Which put to mind something American chemist, physicist, and Nobel Prize in Physics laureate, Ray Davis, once said, “the tribe often thinks the visionary has turned his back on them. When, in fact, the visionary has simply turned his face to the future.”
I realized this is just what happens in many cohesive groups when one individual breaks away from the group "mind" to follow a vision they have for the future of the group or when they start bringing new or fresh ideas to an established group.
The concept of groupthink was conceived in 1972 by Iriving L. Janis.
It is tendency of highly or moderately cohesive groups to seek concurrence. This leads to the following seven possible results:
1) an incomplete survey of alternatives
2) an incomplete survey of objectives
3) the failure to examine risks of preferred choice
4) the failure to reappraise initially rejected alternatives
5) poor information search
6) selective bias in processing information
7) the failure to work out contingency plans (Brandstatter, Davis, & Stocker-Kreichgauger, 1982)
When any of those seven criteria for groupthink are met, it is plausible to presume that incorrect or deviant decision-making will be the outcome.
Loyalty to the group demands that individuals to avoid bringing up controversial issues or novel solutions, this results not only in a loss of individual creativity but a loss of independent thinking. The dysfunctional group dynamics of the "in-group" produces an "illusion of invulnerability", an inflated certainty that the in-group has made the correct decision. Thus the "in-group" significantly overestimates their own decision-making abilities, and grossly underestimates the abilities of their opponents, the "out-group".
Janis listed several factors that may promote groupthink: direct pressure against argument, self-censorship of deviations from the apparent group consensus, and a shared illusion of unanimity (Brandstatter, et al, 1982).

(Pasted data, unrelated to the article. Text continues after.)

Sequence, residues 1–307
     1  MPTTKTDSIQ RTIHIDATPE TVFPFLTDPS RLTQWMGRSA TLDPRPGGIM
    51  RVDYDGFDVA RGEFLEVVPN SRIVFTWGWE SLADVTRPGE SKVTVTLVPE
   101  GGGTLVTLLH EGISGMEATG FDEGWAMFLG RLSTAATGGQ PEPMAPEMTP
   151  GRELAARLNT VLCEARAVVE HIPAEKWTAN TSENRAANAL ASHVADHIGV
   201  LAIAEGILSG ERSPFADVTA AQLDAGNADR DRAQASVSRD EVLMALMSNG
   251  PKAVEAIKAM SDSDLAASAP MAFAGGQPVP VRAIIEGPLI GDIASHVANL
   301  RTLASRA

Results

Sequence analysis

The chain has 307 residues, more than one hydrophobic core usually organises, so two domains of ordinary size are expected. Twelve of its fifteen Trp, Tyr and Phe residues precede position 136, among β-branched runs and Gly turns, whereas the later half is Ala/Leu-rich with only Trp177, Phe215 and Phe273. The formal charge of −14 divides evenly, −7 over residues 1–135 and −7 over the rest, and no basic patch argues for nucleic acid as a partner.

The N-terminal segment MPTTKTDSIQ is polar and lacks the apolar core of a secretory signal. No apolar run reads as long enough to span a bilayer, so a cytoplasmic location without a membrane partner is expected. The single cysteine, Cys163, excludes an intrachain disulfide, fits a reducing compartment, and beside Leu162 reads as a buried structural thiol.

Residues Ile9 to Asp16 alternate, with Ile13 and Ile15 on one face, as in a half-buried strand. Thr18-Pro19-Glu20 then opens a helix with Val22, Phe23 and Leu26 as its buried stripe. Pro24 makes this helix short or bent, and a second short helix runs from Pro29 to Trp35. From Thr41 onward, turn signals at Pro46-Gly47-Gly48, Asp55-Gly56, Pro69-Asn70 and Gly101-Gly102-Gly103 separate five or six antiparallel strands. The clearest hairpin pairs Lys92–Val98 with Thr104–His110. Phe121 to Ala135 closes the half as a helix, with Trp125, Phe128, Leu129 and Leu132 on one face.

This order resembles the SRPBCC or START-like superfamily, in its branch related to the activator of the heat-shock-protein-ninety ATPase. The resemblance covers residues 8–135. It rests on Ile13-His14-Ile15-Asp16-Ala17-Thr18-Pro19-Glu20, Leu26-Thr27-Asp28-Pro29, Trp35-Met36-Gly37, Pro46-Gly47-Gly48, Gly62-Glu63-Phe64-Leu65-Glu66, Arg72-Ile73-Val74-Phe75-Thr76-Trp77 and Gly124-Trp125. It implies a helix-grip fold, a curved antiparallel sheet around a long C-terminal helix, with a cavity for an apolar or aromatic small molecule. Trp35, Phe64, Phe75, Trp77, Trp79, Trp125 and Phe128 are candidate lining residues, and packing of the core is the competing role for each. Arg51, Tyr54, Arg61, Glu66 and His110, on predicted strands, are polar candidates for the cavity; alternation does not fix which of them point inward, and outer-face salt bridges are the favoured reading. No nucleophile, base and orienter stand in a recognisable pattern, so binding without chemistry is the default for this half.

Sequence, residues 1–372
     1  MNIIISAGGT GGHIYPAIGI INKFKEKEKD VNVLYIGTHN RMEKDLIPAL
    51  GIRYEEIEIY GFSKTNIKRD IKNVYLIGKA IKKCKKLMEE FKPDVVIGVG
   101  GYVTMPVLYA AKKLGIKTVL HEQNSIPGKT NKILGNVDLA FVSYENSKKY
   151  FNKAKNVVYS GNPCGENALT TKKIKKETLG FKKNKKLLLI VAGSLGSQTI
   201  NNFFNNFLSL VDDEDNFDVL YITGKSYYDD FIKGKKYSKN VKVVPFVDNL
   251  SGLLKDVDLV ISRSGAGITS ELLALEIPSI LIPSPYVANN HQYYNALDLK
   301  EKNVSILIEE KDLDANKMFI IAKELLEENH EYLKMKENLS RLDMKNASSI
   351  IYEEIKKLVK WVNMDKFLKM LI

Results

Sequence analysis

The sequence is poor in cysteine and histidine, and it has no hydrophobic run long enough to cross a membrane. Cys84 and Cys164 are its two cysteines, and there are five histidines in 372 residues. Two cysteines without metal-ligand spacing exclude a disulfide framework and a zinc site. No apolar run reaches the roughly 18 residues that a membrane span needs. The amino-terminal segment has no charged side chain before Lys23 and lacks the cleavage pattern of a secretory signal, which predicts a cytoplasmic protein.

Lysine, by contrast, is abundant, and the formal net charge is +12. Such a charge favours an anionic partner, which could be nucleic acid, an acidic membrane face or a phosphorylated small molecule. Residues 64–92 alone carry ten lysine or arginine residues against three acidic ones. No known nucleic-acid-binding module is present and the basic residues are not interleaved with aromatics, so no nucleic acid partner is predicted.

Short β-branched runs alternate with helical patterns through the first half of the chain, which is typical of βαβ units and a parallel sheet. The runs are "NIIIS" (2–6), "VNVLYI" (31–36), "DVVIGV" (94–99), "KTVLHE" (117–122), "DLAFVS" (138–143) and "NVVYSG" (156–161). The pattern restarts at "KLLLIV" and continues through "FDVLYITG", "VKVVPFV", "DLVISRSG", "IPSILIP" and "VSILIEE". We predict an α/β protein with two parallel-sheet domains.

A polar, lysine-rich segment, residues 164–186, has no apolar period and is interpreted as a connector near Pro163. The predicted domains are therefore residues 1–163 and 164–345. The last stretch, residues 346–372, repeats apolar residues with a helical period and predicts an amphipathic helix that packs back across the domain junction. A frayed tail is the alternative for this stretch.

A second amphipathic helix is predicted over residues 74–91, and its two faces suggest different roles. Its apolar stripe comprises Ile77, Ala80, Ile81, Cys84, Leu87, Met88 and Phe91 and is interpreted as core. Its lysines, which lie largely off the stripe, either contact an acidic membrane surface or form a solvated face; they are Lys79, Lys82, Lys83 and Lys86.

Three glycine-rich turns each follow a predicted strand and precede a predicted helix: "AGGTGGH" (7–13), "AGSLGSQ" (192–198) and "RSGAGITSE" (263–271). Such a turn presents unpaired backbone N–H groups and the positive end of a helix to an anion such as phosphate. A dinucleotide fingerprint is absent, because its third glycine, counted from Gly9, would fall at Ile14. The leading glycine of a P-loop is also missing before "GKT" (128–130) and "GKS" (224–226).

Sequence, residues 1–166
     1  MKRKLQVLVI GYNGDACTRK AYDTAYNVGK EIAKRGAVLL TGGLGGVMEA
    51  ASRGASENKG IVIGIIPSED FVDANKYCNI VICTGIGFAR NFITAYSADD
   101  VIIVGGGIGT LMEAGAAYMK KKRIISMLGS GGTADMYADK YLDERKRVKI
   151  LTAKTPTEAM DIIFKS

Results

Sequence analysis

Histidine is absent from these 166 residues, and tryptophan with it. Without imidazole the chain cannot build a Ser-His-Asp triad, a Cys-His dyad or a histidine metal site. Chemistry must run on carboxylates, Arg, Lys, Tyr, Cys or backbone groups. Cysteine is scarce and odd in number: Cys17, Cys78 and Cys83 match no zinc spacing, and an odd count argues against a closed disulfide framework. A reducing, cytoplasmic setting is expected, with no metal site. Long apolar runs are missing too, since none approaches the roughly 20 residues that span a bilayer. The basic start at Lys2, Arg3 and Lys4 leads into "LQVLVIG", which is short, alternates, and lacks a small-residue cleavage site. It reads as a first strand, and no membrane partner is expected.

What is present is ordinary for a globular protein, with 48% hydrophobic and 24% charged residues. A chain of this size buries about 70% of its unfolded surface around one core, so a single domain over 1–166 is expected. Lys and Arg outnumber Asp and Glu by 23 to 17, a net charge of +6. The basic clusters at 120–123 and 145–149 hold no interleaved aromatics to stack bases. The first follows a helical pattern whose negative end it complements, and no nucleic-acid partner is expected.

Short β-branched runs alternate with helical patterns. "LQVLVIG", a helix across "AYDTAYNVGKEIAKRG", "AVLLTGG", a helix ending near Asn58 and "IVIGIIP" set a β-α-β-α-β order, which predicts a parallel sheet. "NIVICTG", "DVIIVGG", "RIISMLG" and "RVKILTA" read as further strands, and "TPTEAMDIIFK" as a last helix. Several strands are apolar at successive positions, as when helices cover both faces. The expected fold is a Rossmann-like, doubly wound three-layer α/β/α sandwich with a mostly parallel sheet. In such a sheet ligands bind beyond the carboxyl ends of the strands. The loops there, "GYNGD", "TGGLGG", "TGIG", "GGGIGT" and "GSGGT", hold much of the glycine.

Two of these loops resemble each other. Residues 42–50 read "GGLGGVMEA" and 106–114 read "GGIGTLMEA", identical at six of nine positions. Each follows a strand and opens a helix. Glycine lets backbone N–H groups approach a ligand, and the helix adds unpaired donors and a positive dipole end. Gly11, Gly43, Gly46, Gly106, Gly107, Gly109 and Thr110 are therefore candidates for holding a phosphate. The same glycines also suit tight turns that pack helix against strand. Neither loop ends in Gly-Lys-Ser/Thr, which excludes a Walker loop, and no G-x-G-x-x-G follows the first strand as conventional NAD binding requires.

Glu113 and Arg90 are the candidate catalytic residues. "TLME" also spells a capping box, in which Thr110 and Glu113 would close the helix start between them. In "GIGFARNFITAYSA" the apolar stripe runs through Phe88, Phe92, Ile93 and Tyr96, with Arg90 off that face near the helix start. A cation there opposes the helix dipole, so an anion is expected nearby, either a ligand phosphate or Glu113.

The concurrence-seeking tendency that occurs among moderately or highly cohesive groups is of special importance. If this is a dominant tendency, members of the group will develop rationalizations that will allow them to share in the illusion of invulnerability and will display other symptoms of groupthink. The conditions put forth by Janins creating groupthink are
1) high cohesiveness
2) insulation of the group
3) lack of methodical procedures for search and appraisal
4) directive leadership
5) high stress with low degree of hope for finding better solution than one favored by leader and/or other influential members (Brandstatter, et al, 1982).
If you don't want your group to go down this path, or you fear it is going down this path already, there are things that can be done. Suggested methods of for avoiding groupthink include:
1) fostering open discussion of all alternatives
2) considering ‘worst case’ scenarios
3) creating contingency plans for failure
4) advising leaders to avoid ad-vocation of any particular plan early in discussion
5) having ideas reviewed by experts and devil’s advocates
6) breaking into several independent groups
7) re-discussing the decision after it has been made
8) making group and group members more accountable for their decision (Janis 1982; McCauley 1982; Hart 1998) (Baron & Keer, 2003)
Baron, R. S., & Kerr N. L. (2003). Group process, group decision, group action. Buckingham: Open University Press.
Brandstatter, H, Davis, J. H., & Stocker-Kreichgauer, G. (Ed.) . (1982). Group decision making. Academic Press.
Packer, D. J. (2008). Avoiding groupthink whereas weakly identified members remain silent, strongly identified members dissent about collective problems. Psychological Science.